How Asset Allocation Impacts Your Portfolio
Asset allocation is a very important part of creating and rebalancing your portfolio. It will ensure that your wealth grows rapidly and your portfolio’s risks are lowered to a greater degree.
Here is a guide, explaining what asset allocation is and how it can affect your portfolio.
What Is Asset Allocation?
Asset allocation involves dividing your investment among different assets, such as stocks, bonds, and cash. Anything outside these three categories (e.g., real estate, commodities, art) is often referred to as alternative assets.
Deciding on what kind of asset allocation works for you is a personal one. The allocation that will work best for you will depend on how long you have to invest and your ability to tolerate risk.
For example, someone who is in their 20s with a medium risk appetite will have 40% of the portfolio allocated to Large Cap Equity, 30% to Small Cap Equity, 20% to Cash and Equivalents, and 10% to Bonds.
However, a portfolio of someone in their 40s who have a low-risk appetite would look like this: 80% in Large Cap Equity and 20% in Bonds.
Why Do We Have To Do It?
Higher Returns – To get optimal returns, asset allocation is highly important. Some investors are either too aggressive or conservative and invest accordingly. Hence, they will not be able to earn adequate returns on their investments.
Proper asset allocation will help you understand how much return you can expect on your investments based on the risks you are taking.
Lowers Risk – Every asset class comes with its own share of risks and rewards. Hence, diversifying your investments reduces volatility.
When you allocate your assets, your portfolio risk is spread across asset classes. For example, investing in debt assets will protect your portfolio from market volatility.
Helps Maintain Discipline – Asset allocation ensures that you don’t over-invest or under-invest in a particular sector. It helps you maintain discipline and build financial security.
Reduce Taxes – If you are putting most of your money in fixed deposits, you would have to pay a lot of money as a tax upon maturity.
With asset allocation, you can reduce your taxes by investing in tax-saving fixed deposits, ELSS, etc., This will ensure you lower your taxable income and pay less tax in the process.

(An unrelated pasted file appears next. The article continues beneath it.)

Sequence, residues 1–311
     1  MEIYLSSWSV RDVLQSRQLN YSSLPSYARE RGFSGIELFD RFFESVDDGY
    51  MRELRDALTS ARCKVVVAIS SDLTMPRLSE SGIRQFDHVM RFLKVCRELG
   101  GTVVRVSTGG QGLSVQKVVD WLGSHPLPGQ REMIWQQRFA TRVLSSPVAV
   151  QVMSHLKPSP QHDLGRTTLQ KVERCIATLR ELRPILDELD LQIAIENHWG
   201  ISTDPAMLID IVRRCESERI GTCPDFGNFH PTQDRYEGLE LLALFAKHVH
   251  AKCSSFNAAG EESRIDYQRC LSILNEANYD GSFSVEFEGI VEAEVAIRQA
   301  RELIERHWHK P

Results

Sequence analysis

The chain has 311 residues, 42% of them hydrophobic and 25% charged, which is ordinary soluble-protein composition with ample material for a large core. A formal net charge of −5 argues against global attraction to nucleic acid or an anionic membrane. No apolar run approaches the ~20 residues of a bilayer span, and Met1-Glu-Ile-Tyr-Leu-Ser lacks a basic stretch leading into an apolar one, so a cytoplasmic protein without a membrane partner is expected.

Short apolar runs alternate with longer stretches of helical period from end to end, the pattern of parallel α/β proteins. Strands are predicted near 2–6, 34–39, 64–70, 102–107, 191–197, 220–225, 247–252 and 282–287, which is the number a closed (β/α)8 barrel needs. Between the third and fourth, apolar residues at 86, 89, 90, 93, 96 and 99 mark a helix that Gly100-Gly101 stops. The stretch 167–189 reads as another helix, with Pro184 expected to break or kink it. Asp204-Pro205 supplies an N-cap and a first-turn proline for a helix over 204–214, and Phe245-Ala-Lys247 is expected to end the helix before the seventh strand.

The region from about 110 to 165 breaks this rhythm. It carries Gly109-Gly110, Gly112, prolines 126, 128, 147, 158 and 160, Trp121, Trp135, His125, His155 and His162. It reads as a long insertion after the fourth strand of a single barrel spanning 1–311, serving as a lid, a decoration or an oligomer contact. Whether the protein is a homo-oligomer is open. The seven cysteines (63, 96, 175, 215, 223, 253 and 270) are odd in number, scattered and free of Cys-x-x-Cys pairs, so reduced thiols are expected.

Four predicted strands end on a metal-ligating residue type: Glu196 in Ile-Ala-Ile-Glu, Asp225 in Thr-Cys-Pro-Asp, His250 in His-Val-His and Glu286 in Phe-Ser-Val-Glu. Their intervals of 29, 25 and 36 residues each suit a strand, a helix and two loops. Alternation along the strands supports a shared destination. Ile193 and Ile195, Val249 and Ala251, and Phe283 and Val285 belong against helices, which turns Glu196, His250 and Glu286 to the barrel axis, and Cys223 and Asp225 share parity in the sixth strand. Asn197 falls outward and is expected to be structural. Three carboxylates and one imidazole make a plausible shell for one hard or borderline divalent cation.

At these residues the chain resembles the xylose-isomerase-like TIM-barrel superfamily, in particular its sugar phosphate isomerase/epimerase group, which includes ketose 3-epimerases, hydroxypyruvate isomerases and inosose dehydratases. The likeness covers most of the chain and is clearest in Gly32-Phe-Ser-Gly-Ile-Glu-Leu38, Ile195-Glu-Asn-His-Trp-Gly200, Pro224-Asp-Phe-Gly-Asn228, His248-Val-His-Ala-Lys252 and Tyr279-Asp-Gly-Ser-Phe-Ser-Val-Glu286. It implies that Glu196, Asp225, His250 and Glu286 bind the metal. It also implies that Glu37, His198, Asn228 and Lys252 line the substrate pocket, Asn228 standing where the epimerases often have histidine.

Decreases Stress – Spreading assets across multiple asset classes sharply decreases your stress regarding the safety of your investments.
Less stress promotes confidence and helps investors invest in regular intervals. Moreover, when you diversify your portfolio efficiently, you can cope with volatility or loss in a much better way.
Asset Allocation Strategies
There are six asset allocation strategies that can be used to boost your portfolio. They are as follows.
Strategic Asset Allocation
In this strategy, the fund has a static asset allocation mix. This mix in practical terms for mutual funds is usually a range, allowing the fund manager some freedom to manage the asset allocation within the specified range e.g. 65-75% equity and 25-35% debt.
The fund’s mandate establishes what the ideal asset allocation combination should be and the fund sticks to it, irrespective of market movements. However, from time to time, asset rebalancing is needed to maintain the mandated asset mix.
For example, let’s say, the mandated static asset allocation is 70% equity and 30% debt, and the stock market gains by 25% and debt gives a 6% return, then the asset allocation will be 73% equity and 27% debt.
The fund manager will sell stocks and buy bonds to bring the asset allocation to 70% equity and 30% debt.
A strategic asset allocation strategy might be similar to a buy-and-hold strategy and also heavily suggests diversification to lower risk and improve returns.
One of the main benefits of this strategy is that it enforces discipline in investments. A static asset allocation strategy is a long-term strategy, with a focus to reduce risk and help you meet your investment goals.
Dynamic Asset Allocation